What is insurance assignment of benefits (AOB)?
Assignment of benefits is a legal tool meant to ensure vendors receive prompt payments for their services in repairing damage to property without the homeowner having to pay money up front. At the time of service, a customer fills out an AOB form provided by the vendor, taking the policyholder out of the payment process.
What is the problem?
In recent years, unscrupulous trial lawyers and vendors – often water remediation firms, roofing companies and plumbers – have used AOB to inflate claims and file costly lawsuits against insurance companies. The cases are clogging up the courts, and homeowners face higher insurance premiums to cover the cost of fraudulent claims and legal fees. The abuse is especially prevalent in South Florida, Orlando and the Tampa Bay area, where some water extraction companies pay plumbers referral fees as high as $1,500 to get business to boost their profits using assignment of benefits.
How dire is the situation?
Bad and getting worse. According to the Florida Department of Financial Services, the number of AOB lawsuits grew nearly 1,000 percent between 2005-06 and 2013-14, from 9,424 to 92,521. The number of AOB lawsuits involving just homeowner property claims rose from 70 in 2009 to 2,014 last year, an increase of more than 2,700 percent in five years. In December 2014 alone, Citizens Property Insurance Corp., the state-run insurer, was hit with 562 AOB lawsuits, nearly all of them from third-party vendors rather than individual policyholders. The state has seen a dramatic increase in water damage claims despite the fact that Florida has enjoyed nine years without a hurricane.
Why so many lawsuits?
The single biggest factor driving the explosion of AOB-related lawsuits is that trial attorneys can collect “one-way attorney fees’’ when suing insurance companies over claim disputes. Enacted under state law, one-way attorney fees allow attorneys suing insurers to collect legal fees if they win but, if they lose, insurers can’t collect the fees. One-way attorney fees were intended to level the playing field between consumers and big insurance companies but have become an incentive for attorneys and contractors to file fraudulent lawsuits. In the vast majority of these AOB suits, the policyholder has already been made whole and had their home or auto repaired. Rather than a “David versus Goliath’’ situation, it has become a battle between attorneys and vendors against insurance companies.
What’s the impact on the state?
Abuse of AOB is driving up homeowners’ insurance rates and hindering the state’s efforts to prepare for a catastrophic storm. For every dollar Citizens collected in premium in 2012, it paid 28 cents in water damage claims, according to the most recent figures available. In areas of South Florida, it paid 50 cents. That was well above the 18 cents Citizens was setting aside for claims relating to a future hurricane.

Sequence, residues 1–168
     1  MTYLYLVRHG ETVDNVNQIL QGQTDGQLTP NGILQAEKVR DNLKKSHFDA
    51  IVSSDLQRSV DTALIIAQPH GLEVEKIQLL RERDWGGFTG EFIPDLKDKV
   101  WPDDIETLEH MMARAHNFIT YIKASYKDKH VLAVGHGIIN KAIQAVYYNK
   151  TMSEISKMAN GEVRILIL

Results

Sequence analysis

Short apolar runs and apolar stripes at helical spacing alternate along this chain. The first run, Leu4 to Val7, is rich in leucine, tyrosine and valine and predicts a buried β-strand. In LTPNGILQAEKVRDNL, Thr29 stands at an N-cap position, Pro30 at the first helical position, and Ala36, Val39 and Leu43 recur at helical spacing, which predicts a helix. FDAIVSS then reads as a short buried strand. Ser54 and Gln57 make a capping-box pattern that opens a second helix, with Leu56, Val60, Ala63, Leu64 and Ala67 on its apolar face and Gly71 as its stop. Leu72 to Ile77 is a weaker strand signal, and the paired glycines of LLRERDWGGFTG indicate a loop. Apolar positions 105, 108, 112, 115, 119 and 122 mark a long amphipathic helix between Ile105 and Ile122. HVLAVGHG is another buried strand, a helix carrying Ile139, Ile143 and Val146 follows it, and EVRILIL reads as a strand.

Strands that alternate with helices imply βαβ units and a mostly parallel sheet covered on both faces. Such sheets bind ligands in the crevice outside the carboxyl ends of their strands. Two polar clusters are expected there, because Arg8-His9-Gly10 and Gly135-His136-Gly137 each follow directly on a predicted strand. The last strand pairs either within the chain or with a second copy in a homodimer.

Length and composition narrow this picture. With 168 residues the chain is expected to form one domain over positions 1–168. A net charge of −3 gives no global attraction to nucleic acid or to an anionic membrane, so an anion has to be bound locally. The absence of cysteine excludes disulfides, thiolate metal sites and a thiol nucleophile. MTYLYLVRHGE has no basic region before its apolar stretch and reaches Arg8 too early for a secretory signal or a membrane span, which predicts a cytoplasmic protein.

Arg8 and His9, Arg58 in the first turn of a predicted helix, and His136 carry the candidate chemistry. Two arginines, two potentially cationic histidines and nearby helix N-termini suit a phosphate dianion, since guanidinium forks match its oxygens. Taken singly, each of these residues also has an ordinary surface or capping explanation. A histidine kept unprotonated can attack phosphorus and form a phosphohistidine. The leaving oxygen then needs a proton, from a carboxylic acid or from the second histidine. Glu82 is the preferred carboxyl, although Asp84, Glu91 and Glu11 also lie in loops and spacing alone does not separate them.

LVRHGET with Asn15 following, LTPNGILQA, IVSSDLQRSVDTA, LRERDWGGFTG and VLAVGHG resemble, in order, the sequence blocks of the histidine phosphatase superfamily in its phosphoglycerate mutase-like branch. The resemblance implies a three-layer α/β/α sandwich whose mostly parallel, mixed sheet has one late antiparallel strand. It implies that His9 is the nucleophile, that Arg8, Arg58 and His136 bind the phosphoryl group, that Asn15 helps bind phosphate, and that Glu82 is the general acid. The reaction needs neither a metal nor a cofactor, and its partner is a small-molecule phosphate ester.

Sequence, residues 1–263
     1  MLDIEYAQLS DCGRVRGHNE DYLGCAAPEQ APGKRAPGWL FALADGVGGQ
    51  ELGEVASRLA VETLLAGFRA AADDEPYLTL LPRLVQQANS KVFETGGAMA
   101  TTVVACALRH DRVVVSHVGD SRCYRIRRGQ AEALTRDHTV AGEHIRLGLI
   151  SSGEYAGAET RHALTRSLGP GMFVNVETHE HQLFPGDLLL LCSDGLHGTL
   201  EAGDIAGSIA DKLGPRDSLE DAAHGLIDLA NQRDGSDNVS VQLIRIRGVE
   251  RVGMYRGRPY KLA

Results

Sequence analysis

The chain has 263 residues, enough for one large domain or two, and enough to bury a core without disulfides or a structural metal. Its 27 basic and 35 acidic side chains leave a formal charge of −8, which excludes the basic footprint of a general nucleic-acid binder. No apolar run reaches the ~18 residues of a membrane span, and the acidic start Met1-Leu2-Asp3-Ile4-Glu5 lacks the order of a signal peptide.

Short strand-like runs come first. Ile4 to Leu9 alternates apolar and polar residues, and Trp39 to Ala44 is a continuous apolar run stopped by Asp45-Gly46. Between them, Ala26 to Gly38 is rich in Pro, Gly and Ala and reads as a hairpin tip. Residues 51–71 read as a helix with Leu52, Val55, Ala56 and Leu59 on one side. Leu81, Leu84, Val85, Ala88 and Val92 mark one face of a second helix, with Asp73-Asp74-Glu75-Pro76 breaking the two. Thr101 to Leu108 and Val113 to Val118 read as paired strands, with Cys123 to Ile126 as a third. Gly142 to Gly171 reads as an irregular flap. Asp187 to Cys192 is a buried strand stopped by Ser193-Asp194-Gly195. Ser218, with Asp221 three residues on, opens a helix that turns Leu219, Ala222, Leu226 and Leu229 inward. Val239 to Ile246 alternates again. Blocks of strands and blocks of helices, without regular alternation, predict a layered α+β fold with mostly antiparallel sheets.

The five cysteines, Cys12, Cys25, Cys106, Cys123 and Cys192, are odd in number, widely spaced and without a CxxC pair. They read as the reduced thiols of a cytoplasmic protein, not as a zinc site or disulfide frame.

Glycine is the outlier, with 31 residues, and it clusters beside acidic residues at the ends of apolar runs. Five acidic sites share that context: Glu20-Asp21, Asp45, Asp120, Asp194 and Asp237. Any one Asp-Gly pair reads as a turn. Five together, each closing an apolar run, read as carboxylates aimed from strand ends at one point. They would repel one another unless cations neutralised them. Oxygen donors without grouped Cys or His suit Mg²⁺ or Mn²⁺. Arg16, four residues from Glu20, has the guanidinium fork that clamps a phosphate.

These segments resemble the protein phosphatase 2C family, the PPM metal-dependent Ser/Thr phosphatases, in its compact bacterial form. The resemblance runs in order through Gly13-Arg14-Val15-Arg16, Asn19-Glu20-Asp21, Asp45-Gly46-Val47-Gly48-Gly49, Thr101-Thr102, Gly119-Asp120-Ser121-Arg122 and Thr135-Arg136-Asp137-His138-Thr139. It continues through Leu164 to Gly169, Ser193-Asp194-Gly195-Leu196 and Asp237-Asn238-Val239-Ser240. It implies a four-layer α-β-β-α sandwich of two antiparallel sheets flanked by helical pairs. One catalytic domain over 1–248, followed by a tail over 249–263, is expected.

What’s being done about it?
Legislators have filed three bills in the 2015 legislative session to address AOB fraud and abuse. House Bill 669 by Rep. John Tobia, which was approved by the Insurance & Banking subcommittee March 18, would allow policyholders to assign their benefits for claims up to $3,000. For any claim exceeding that, a vendor would not be able to use AOB. The bill also would allow policyholders to assign their benefits when paying a public adjuster or attorney for services rendered in adjusting a claim. Senate Bill 1064 by Sen. Dorothy Hukill would allow policies to be assignable and non-assignable, depending on the terms. Senate Bill 1210 by Sen. Alan Hays would address one-way attorney fees.
What happens if we do nothing?
AOB abuse is already out of control in South Florida and is spreading to Tampa Bay, Orlando and other parts of central Florida. Left unchecked, it threatens to become a full-scale consumer crisis, on par with PIP fraud and sinkhole claims abuse. Attorneys in South and Central Florida are holding well-attended seminars to train contractors on how to collect more money through AOB, and the number of lawsuits is on the rise. Claims that use AOB are averaging $32,000 in areas of South Florida, nearly triple the amount of claims that don’t use an AOB. Unless action is taken soon, homeowners across Florida can expect increases in their insurance premiums.